If Jack Layton calls for ponies Harper will fall over in a dead faint and ponies will be released.

 

 

 

Frmrsldr

What we need:

1. We need war weariness: By escalating Canada's military engagement (presence) in Afghanistan yet again (third time now), even though he is correct, the only concrete promise the 2008 war resolution passed in the House made was that combat operations by the Canadian military in Kandahar (province) would cease. THAT IS ALL. Canadian troops could still be stationed in Kandahar province (protecting NGOs or training) or they could have been redeployed to (an)other province(s) still in a combat role. As it is, Harper has chosen to redeploy ~950 troops (roughly half the current level) to the north to (ostensibly) engage in (non-combat) training.

On that level, Herr Harper did not lie to us. However, in terms of what he has said on the record, that all Canadian troops were going to be out of Afghanistan by the end of 2011, save those guarding the odd embassy or consulate, Herr Harper has clearly and unquestionably lied.

What Harper is gambling on is that enough Canadians will either be ignorant and apathetic about the issue or that they will buy his line "that all politicians are untrustworthy at some level, himself included, and therefore he hopes that enough Canadians will be turned off of politics and he will get away with this latest escalation stunt.

Right now it is hard to tell: Why have Canadians thus far been silent about this issue? Are they still reeling and trying to make sense of what just happened? Or are Herr Harper's beliefs about the Canadian public correct?

2. We need the equivallent of a Tet Offensive. I thought the 2008 Sarposa prison breakout would be the "Tet Offensive" of the Afghan war. Unfortunately, it failed to gain traction in the fawning commercial media and thus made little impact on the publics of the U.S./NATO/ISAF countries.

On a Vietnam War timeline, (unless war weariness causes a decisive swing against the war among public opinion) we are at 1967, believing in "the light at the end of the tunnel." Although the (mostly U.S.) generals know that training the ANA and ANP is an exit strategy; any victory strategy was abandoned (if there ever was one) long ago. Unfortunately, most people do not know this.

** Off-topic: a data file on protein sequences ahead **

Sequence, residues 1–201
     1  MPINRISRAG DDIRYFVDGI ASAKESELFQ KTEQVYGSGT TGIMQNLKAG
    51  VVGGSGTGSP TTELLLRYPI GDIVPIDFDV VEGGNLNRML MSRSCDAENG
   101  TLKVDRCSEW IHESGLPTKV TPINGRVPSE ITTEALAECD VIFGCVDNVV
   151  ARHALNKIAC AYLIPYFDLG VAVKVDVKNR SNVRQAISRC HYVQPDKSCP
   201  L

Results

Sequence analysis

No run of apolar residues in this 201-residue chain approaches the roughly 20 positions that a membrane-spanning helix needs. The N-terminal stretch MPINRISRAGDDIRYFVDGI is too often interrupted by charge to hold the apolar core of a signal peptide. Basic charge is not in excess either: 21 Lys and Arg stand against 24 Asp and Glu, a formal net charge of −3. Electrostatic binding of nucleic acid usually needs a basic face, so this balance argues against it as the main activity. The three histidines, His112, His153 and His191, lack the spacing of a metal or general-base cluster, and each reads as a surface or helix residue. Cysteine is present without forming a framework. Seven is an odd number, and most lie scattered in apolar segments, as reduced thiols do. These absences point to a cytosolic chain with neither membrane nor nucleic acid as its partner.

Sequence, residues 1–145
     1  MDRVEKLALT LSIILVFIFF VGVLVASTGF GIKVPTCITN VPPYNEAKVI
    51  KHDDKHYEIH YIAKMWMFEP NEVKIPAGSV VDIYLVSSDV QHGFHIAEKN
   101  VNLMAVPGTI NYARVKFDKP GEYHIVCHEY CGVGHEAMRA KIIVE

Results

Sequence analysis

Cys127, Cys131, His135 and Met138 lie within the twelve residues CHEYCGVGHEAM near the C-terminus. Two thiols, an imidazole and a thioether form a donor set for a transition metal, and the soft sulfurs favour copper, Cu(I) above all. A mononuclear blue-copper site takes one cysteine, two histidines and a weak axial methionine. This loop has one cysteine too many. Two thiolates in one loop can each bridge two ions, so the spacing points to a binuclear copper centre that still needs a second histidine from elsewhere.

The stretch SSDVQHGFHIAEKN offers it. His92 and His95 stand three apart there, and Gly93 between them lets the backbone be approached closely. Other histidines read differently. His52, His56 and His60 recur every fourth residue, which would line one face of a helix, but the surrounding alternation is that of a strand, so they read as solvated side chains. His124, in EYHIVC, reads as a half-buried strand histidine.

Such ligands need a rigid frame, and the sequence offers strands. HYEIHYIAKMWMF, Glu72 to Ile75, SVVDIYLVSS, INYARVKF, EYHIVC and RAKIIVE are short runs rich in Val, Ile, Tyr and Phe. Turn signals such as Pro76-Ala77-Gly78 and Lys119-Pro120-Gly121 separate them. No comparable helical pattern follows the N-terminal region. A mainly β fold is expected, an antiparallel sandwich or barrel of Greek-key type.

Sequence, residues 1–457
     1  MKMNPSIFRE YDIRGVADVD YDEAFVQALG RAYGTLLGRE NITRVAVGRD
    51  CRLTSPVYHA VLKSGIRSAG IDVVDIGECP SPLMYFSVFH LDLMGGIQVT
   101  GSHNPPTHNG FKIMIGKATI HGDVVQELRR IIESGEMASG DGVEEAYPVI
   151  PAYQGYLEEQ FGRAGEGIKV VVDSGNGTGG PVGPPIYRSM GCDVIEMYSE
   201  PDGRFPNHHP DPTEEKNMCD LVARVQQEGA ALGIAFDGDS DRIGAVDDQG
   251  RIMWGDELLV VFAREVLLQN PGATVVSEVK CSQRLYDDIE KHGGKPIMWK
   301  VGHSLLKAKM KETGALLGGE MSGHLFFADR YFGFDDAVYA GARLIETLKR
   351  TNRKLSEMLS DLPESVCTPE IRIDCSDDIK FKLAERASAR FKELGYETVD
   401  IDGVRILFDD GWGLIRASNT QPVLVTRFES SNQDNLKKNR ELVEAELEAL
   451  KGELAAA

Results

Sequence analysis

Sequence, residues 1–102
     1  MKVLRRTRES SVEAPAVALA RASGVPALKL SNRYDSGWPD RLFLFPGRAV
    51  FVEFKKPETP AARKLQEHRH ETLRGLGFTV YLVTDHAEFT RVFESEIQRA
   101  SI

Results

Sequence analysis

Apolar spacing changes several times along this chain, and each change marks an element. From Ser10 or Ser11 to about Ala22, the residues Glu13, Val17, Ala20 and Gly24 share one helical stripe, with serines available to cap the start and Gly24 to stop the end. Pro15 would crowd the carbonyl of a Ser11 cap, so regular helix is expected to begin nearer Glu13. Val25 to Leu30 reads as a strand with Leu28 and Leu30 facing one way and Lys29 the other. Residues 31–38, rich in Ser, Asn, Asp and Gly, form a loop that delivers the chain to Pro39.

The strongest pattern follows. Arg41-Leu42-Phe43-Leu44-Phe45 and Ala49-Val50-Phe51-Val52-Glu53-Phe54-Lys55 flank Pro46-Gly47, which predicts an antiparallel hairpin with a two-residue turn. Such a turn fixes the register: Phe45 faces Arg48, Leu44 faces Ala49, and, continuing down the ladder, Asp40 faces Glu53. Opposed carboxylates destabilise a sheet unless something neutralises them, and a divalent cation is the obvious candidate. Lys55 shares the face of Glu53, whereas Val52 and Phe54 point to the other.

KenS, contrary to your downplaying (if my analysis of your argument is incorrect, please inform me) of Tet, the Tet Offensive was responsible for a number of very important watershed turning points in the U.S.

1. President Lyndon Johnson cancelled a 206 000 U.S. troop escalation he had promised General Westmoreland and made a public announcement that he had put a cap on U.S. troop escalations to Vietnam. No more troops would be sent to Vietnam and the process of bringing the troops home would begin.

2. After Tet, North Vietnamese representatives arrived in Paris for the Peace Talks for the first time. The Peace Talks went on for the next 5 years.

3. The Tet Offensive began in February 1968, by April, Johnson announced that he would not seek nor accept nomination as President in the '68 Presidential election.

4. The Tet Offensive (led by Walter Cronkite) saw the U.S. media and (subsequently) the heartland (everyday people who might otherwise have been uninformed and apathetic) turn against the war.

Soldiers

3. Soldiers who have been to Afghanistan have seen the truth about what goes on over there and thus see, more clearly than anyone else, the "credibility gap" (i.e., the lies) that the government, the military and the FCM (fawning commercial media) are telling us.

If you have the opportunity, watch the DVD Sir! No Sir!

We need to unite ALL members of the antiwar coalition. The political Left as well as the political Right. We need to steal the Canadian economic libertarian "Tea Partyers" who may still be part of Herr Harper's political base, away from the Conservatives.

We can do this by playing on the fact that Harper contradicted what he said earlier about troop withdrawal from Afghanistan. That Harper is not a strong leader. We can help them connect the dots that the Conservative Party is not a financially responsible party. The war has already cost $18 billion. By conservative estimates, another four years of war are going to bring that cost to over $20 billion. If the deal goes through on the F-35, that will cost the Canadian taxpayer another $16 billion. If the Conservatives carry out their plans to construct new prisons across Canada, that will cost another at least $9 billion. That is a minimum of $45 billion over the next few years. With the current state of the economy and the rate of unemployment, can we afford this?

http://original.antiwar.com/justin/2010/11/14/getting-beyond-left-and-ri...

Footnotes in the margin:

The above link mostly talks about U.S. political history. If the reader wishes, skim through this until the last three paragraphs.

KenS

jrootham wrote:

Translation:  KenS this is what we should do to bring the troops as soon as possible, which will be in the medium term.

Unionist:  You mean the troops aren't coming home immediately?  Defeatist!  I want my pony!  If we demand ponies we will get them!

Exactly.

A more succinct reply than I would have made.

Somehow Unionist makes the leap from me saying that the extension is happening- to me saying "the battle is lost." The point is that the extension is done. Period. Now its up to us to unwind it.